Lower prescription drug prices by supporting state and tribal programs that will import safe and cheaper drugs from Canada.
Save Americans with hearing loss thousands of dollars by allowing hearing aids to be sold over the counter at drug stores.
Save Americans money on their internet bills by banning excessive early termination fees, requiring clear disclosure of plan costs to facilitate comparison shopping, and ending landlord exclusivity arrangements that stick tenants with only a single internet option.
Make it easier for people to get refunds from airlines and to comparison shop for flights by requiring clear upfront disclosure of add-on fees.
Make it easier and cheaper to repair items you own by limiting manufacturers from barring self-repairs or third-party repairs of their products.
Make it easier and cheaper to switch banks by requiring banks to allow customers to take their financial transaction data with them to a competitor.
Empower family farmers and increase their incomes by strengthening the Department of Agriculture’s tools to stop the abusive practices of some meat processors.
Increase opportunities for small businesses by directing all federal agencies to promote greater competition through their procurement and spending decisions.
The Order also encourages the leading antitrust agencies to focus enforcement efforts on problems in key markets and coordinates other agencies’ ongoing response to corporate consolidation. The Order:
Calls on the leading antitrust agencies, the Department of Justice (DOJ) and Federal Trade Commission (FTC), to enforce the antitrust laws vigorously and recognizes that the law allows them to challenge prior bad mergers that past Administrations did not previously challenge.
Announces a policy that enforcement should focus in particular on labor markets, agricultural markets, healthcare markets (which includes prescription drugs, hospital consolidation, and insurance), and the tech sector.
Establishes a White House Competition Council, led by the Director of the National Economic Council, to monitor progress on finalizing the initiatives in the Order and to coordinate the federal government’s response to the rising power of large corporations in the economy.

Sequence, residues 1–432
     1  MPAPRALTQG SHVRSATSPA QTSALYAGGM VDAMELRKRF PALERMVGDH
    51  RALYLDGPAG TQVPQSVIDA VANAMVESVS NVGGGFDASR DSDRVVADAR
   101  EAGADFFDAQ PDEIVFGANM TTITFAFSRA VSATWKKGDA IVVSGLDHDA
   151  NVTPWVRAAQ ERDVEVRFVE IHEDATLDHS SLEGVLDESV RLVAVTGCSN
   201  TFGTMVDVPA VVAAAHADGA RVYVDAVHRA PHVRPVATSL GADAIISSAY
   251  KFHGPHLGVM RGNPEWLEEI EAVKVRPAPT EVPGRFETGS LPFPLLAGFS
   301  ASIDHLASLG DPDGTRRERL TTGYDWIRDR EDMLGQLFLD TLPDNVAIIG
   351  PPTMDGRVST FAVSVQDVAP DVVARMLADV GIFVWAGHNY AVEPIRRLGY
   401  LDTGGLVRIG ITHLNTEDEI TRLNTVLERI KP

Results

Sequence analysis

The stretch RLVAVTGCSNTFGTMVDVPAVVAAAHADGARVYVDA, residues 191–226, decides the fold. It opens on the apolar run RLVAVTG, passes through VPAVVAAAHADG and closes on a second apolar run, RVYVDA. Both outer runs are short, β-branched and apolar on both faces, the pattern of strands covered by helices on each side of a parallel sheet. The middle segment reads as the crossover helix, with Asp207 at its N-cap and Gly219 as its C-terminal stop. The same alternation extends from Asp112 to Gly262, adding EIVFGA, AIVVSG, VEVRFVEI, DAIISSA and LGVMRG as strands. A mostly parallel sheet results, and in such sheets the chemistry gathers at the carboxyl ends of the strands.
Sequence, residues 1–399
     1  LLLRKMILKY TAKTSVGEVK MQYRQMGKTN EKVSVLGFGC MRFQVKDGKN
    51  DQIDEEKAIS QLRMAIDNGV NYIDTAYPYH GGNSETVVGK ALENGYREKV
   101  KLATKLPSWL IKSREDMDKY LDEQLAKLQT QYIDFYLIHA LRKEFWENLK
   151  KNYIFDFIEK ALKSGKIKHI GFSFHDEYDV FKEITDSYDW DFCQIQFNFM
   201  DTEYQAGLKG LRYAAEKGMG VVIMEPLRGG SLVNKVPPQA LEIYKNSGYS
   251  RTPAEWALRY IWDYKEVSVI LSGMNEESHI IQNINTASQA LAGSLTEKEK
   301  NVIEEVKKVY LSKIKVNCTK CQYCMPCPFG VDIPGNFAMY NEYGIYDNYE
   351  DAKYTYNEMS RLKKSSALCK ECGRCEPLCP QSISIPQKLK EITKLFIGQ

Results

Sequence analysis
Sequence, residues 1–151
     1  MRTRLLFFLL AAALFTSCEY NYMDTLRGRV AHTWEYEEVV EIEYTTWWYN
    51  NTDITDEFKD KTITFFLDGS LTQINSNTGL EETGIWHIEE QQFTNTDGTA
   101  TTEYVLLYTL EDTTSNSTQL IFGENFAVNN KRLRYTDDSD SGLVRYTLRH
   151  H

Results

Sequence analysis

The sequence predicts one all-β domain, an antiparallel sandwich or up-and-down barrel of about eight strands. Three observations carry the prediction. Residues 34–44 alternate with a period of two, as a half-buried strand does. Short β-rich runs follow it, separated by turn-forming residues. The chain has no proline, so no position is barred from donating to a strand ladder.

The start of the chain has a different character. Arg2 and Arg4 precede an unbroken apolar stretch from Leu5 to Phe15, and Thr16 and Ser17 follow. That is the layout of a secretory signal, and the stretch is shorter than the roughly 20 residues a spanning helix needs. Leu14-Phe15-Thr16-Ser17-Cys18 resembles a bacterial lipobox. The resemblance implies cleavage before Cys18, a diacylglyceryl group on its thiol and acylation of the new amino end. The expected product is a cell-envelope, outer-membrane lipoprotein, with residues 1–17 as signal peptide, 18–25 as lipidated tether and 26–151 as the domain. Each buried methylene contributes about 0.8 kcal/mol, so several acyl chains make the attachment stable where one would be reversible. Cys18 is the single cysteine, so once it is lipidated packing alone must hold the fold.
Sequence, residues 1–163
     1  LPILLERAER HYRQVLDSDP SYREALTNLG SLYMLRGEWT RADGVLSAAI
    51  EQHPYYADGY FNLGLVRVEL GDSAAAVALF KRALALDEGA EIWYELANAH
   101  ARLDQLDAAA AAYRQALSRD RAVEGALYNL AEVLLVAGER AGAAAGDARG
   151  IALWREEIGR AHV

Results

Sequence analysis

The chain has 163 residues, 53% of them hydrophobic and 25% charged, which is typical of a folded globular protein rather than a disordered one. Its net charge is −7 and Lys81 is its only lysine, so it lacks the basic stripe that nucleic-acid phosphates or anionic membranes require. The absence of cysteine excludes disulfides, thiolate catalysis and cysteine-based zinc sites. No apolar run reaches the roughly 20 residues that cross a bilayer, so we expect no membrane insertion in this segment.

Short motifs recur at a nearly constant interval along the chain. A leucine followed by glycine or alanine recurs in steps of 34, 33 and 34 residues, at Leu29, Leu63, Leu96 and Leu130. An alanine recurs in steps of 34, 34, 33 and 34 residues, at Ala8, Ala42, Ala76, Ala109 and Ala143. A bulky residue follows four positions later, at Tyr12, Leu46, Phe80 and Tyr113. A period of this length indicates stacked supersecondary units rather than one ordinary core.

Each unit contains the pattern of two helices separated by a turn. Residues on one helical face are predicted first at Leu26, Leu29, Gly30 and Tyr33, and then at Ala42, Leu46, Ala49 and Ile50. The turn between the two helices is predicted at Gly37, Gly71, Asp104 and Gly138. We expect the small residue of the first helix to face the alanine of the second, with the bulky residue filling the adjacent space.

A more detailed summary of the key actions in the Order is provided below: . . . [Sectors covered]
Healthcare (prescription drugs, hearing aids, hospitals, health insurance)
Transportation (airlines, rail, shipping)
Banking and Consumer Finance
NYT: Biden Urges More Scrutiny of Big Businesses, Such as Tech Giants https://www.nytimes.com/2021/07/09/business/biden-big-business-executive-order.html
WSJ: Biden Targets Big Business in Sweeping Executive Order to Spur Competition https://www.wsj.com/articles/biden-takes-aim-at-corporate-consolidation-big-business-tactics-11625832017
WaPo: Biden’s bid to take on big business sets off battle over who holds power in U.S. economy https://www.washingtonpost.com/business/2021/07/09/biden-executive-order-promoting-competition/
NYer: John Cassidy, The Biden Antitrust Revolution https://www.newyorker.com/news/our-columnists/the-biden-antitrust-revolution
Historical antecedent -- FDR's Temporary National Economic Committee:
President F.D. Roosevelt, "Message to Congress on Curbing Monopolies," April 29, 1938 https://www.presidency.ucsb.edu/documents/message-congress-curbing-monopolies
U.S. Congress, "Joint Resolution to Create a Temporary National Economic Committee" (June 16, 1938), The American Economic Review, Vol. 32, No. 2, Part 2, Supplement, Papers Relating to the Temporary National Economic Committee (Jun., 1942), pp. 129-131 https://www.jstor.org/stable/1805351
Robert A. Brady, "Reports and Conclusions of the Temporary National Economic Committee," The Economic Journal, Vol. 53, No. 212 (Dec., 1943), pp. 409-415 https://www.jstor.org/stable/2226410